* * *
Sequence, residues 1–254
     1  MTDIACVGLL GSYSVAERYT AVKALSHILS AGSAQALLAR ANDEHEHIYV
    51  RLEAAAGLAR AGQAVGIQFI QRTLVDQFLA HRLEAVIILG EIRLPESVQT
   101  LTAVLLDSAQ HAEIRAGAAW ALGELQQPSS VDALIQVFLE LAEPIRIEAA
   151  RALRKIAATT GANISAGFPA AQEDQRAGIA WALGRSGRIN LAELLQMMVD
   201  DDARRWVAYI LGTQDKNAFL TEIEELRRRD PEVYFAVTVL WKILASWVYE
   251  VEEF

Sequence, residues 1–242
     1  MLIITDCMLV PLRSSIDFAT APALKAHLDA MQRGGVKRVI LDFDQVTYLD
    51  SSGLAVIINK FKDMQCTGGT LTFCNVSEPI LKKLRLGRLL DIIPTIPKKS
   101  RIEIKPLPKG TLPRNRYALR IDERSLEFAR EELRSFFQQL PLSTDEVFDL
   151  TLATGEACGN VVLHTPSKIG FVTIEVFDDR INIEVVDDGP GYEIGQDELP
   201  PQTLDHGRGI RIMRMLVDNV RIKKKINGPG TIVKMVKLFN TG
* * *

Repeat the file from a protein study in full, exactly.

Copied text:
Sequence, residues 1–254
     1  MTDIACVGLL GSYSVAERYT AVKALSHILS AGSAQALLAR ANDEHEHIYV
    51  RLEAAAGLAR AGQAVGIQFI QRTLVDQFLA HRLEAVIILG EIRLPESVQT
   101  LTAVLLDSAQ HAEIRAGAAW ALGELQQPSS VDALIQVFLE LAEPIRIEAA
   151  RALRKIAATT GANISAGFPA AQEDQRAGIA WALGRSGRIN LAELLQMMVD
   201  DDARRWVAYI LGTQDKNAFL TEIEELRRRD PEVYFAVTVL WKILASWVYE
   251  VEEF

Sequence, residues 1–242
     1  MLIITDCMLV PLRSSIDFAT APALKAHLDA MQRGGVKRVI LDFDQVTYLD
    51  SSGLAVIINK FKDMQCTGGT LTFCNVSEPI LKKLRLGRLL DIIPTIPKKS
   101  RIEIKPLPKG TLPRNRYALR IDERSLEFAR EELRSFFQQL PLSTDEVFDL
   151  TLATGEACGN VVLHTPSKIG FVTIEVFDDR INIEVVDDGP GYEIGQDELP
   201  PQTLDHGRGI RIMRMLVDNV RIKKKINGPG TIVKMVKLFN TG